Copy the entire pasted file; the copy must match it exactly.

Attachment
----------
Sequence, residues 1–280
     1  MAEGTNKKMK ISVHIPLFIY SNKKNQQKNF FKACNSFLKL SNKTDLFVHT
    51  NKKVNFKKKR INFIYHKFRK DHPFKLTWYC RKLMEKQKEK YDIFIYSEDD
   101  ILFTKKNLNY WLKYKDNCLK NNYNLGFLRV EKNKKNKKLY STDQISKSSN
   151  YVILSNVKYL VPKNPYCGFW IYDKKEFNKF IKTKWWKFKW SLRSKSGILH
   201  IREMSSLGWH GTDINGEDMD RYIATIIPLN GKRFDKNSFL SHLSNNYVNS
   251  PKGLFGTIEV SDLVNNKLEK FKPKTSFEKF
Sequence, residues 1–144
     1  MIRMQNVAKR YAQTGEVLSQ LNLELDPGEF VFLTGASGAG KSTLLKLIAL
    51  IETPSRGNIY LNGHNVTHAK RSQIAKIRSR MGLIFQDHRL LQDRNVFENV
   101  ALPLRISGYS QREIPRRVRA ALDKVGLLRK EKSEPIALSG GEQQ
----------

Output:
Sequence, residues 1–280
     1  MAEGTNKKMK ISVHIPLFIY SNKKNQQKNF FKACNSFLKL SNKTDLFVHT
    51  NKKVNFKKKR INFIYHKFRK DHPFKLTWYC RKLMEKQKEK YDIFIYSEDD
   101  ILFTKKNLNY WLKYKDNCLK NNYNLGFLRV EKNKKNKKLY STDQISKSSN
   151  YVILSNVKYL VPKNPYCGFW IYDKKEFNKF IKTKWWKFKW SLRSKSGILH
   201  IREMSSLGWH GTDINGEDMD RYIATIIPLN GKRFDKNSFL SHLSNNYVNS
   251  PKGLFGTIEV SDLVNNKLEK FKPKTSFEKF
Sequence, residues 1–144
     1  MIRMQNVAKR YAQTGEVLSQ LNLELDPGEF VFLTGASGAG KSTLLKLIAL
    51  IETPSRGNIY LNGHNVTHAK RSQIAKIRSR MGLIFQDHRL LQDRNVFENV
   101  ALPLRISGYS QREIPRRVRA ALDKVGLLRK EKSEPIALSG GEQQ